​Crohn’s Disease


Crohn’s disease is a chronic disease which causes inflammation of the intestines. Crohn’s disease falls under the category of inflammatory bowel disease (IBD). It usually occurs in the small intestines but can also occur in any other part of the digestive tract including the mouth, oesophagus, stomach, small intestine or any part of the large intestine.

Crohn’s disease swells, thickens, or forms an abnormal narrowing (scar tissue) in the intestine which leads to an obstruction (blockage) of the passageway. It may cause ulcers to develop in the deep layers of the intestinal wall. The intestinal tissue may lose its ability to absorb nutrients from digested foods which leads to malabsorption, especially in the small intestine where vitamin B12 and bile acids are absorbed.


Symptoms for Crohn’s disease will be apparent and vary according to the area that has been affected. In general, symptoms can include:

  • Chronic diarrhoea

  • Rectal bleeding

  • Weight loss

  • Fever

  • Abdominal pain

  • Feeling of mass or fullness in the lower right abdomen.

Children and teens with Crohn’s disease have periods of severe symptoms followed by periods of no symptoms.

Other complications from Crohn’s disease include:

  • Gallstones

  • Kidney stones

  • Inflammation (swelling) of the eyes and mouth

  • Liver disease

  • Skin rashes or ulcers

  • Anaemia

If you notice any of the above symptoms, inform your doctor at the Children's Hospital Service Line at The Aga Khan University Hospital. Our doctors will be able to guide you through the prognosis and suggest a relevant form of treatment.

Your time with your doctor may be limited, so make sure to prepare for your visit beforehand. Here are some tips to help get you started.

To diagnose crohn's disease, one or more of the following tests may be conducted.

  • Endoscopy: This is used to view the inside of the rectum and colon. Colonoscopy shows a greater portion of the colon than sigmoidoscopy does. A small sample of tissue may be taken for testing, or biopsy.

  • Blood tests: your doctor will look for anaemia or white blood cells. An increased white blood cells count will indicate an infection in the body.

  • Barium X-ray (barium enema or small bowel series): These procedures use X-rays to examine the upper or lower intestine. Barium coats the lining of the small intestine and colon and appears white on an X-ray. This allows the doctor to review any abnormalities.

Treatment depends on how severe Crohn's disease is in your child. Treatment results are not always visible as the disease might go into remission after showing itself for some time. When Crohn's disease is active, treatment is aimed at controlling inflammation, correcting nutritional deficiencies, and relieving symptoms such as pain, diarrhoea, and fever.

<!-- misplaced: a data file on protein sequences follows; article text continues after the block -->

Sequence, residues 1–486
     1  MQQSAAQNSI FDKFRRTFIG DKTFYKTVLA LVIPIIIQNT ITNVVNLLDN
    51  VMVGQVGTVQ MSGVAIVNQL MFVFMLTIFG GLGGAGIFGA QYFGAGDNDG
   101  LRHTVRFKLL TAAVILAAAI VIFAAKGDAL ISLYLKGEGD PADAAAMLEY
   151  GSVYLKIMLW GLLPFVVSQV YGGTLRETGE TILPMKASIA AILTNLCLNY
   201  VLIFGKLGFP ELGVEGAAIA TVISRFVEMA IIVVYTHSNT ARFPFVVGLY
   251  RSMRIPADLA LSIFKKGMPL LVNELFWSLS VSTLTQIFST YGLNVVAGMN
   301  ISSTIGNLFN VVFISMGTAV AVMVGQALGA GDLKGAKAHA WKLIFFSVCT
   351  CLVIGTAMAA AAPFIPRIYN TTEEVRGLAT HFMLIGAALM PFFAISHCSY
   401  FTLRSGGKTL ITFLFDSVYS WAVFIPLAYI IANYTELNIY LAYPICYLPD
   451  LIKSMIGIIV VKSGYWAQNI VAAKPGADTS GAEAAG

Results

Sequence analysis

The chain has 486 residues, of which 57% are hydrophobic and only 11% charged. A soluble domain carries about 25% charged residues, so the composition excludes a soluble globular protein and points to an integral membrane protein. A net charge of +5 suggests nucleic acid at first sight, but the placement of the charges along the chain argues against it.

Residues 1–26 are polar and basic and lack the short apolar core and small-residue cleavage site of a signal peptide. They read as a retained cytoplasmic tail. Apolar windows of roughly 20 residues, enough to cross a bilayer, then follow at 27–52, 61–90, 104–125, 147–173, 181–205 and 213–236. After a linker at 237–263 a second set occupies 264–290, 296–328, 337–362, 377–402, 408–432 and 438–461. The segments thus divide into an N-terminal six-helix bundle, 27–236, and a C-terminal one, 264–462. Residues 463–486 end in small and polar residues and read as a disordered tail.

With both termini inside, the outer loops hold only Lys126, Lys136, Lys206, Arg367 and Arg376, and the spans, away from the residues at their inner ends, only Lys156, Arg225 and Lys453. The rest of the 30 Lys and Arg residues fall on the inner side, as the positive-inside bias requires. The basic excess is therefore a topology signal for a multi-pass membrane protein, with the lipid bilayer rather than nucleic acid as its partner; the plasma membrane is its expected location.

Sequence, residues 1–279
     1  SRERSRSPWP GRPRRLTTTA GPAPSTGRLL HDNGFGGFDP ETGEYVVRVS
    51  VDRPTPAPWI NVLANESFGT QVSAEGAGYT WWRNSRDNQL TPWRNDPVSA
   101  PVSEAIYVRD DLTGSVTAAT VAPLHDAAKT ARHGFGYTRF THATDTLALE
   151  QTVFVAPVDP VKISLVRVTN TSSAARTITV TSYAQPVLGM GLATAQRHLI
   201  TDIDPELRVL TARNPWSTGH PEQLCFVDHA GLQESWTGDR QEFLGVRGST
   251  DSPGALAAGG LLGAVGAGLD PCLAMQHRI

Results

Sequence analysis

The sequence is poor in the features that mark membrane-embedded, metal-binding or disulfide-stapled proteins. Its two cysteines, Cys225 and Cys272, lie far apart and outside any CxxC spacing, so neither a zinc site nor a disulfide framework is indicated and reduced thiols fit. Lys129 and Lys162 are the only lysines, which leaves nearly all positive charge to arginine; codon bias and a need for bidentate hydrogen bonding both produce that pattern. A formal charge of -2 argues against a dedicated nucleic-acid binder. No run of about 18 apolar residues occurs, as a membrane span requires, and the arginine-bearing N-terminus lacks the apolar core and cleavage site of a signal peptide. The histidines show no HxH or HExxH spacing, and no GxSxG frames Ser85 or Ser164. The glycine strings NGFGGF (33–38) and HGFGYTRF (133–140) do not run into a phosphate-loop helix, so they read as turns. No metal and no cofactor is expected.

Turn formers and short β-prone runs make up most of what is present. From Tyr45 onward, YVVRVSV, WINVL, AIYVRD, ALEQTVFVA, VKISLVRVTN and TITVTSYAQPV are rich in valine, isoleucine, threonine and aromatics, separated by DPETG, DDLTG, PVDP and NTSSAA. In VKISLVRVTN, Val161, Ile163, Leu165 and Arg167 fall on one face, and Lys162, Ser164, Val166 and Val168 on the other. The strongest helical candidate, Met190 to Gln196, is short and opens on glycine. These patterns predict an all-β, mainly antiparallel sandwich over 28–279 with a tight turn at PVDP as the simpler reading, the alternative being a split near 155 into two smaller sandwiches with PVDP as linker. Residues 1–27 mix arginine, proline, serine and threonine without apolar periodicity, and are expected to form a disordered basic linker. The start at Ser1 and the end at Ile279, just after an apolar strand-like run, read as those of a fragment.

In children, medications are always prescribed as the first step towards curing it. Some of these drugs include anti-inflammatory, antibiotics, anti-diarrhoeal, and immune-suppressing drugs. At some instances an all-liquids diet is also suggested. Your child may also be prescribed supplements to restore the lost nutrients of the body.

Diet and stress do not cause Crohn's disease. However, they can worsen the symptoms and hence they need to be managed.

At times, when drugs do not help, surgery is needed to remove the affected area. However, the scar usually returns and the child is recoiled back into the disease. A healthy lifestyle is the most important part of managing this disease. Eating correctly, an active lifestyle, and drinking lots of water and avoid stress are important in managing this disease.

The Aga Khan University Hospital offers various support services to help with managing or recovering from the disease or condition. These include but are not limited to nutrition, physiotherapy, rehabilitation, specialized clinics and some patient support groups. Your doctor or nurse will advise you accordingly.

The Aga Khan University Hospital offers financial assistance to those who are in need and fulfil the eligibility criteria. For further information, you can contact the Patient Welfare Department. You can find the contact number of the Patient Welfare Department in the 'Important Numbers' section on the website homepage.

The financial counselling staff is available during office hours, at the main PBSD (Patient Business Services Department), to answer your financial queries on treatments' costs and authorize admissions on partial deposit as per hospital policies allow. The financial counsellor in the emergency room is open 24/7. You can find the contact number of the Patient Business Services in the 'Important Numbers' section on the website homepage.

Your doctor and or nurse will give you specific instructions about the prescribed medication. Please ensure that you take or use the prescribed medicine as advised. It can be dangerous to your health if you self-prescribe. Please inform the doctor or nurse beforehand if you have experienced any adverse reactions to any medications in the past. If you experience any symptoms of drug poisoning, overdose or severe reaction please contact the Pharmacy Service at The Aga Khan University Hospital immediately. You can find the contact number of the Pharmacy Services in the 'Important Numbers' section on the website homepage.




The information provided on our website is for educational purposes and not intended to be a substitute for medical advice, diagnosis or treatment. You should always seek the advice of your doctor or other healthcare professional provider.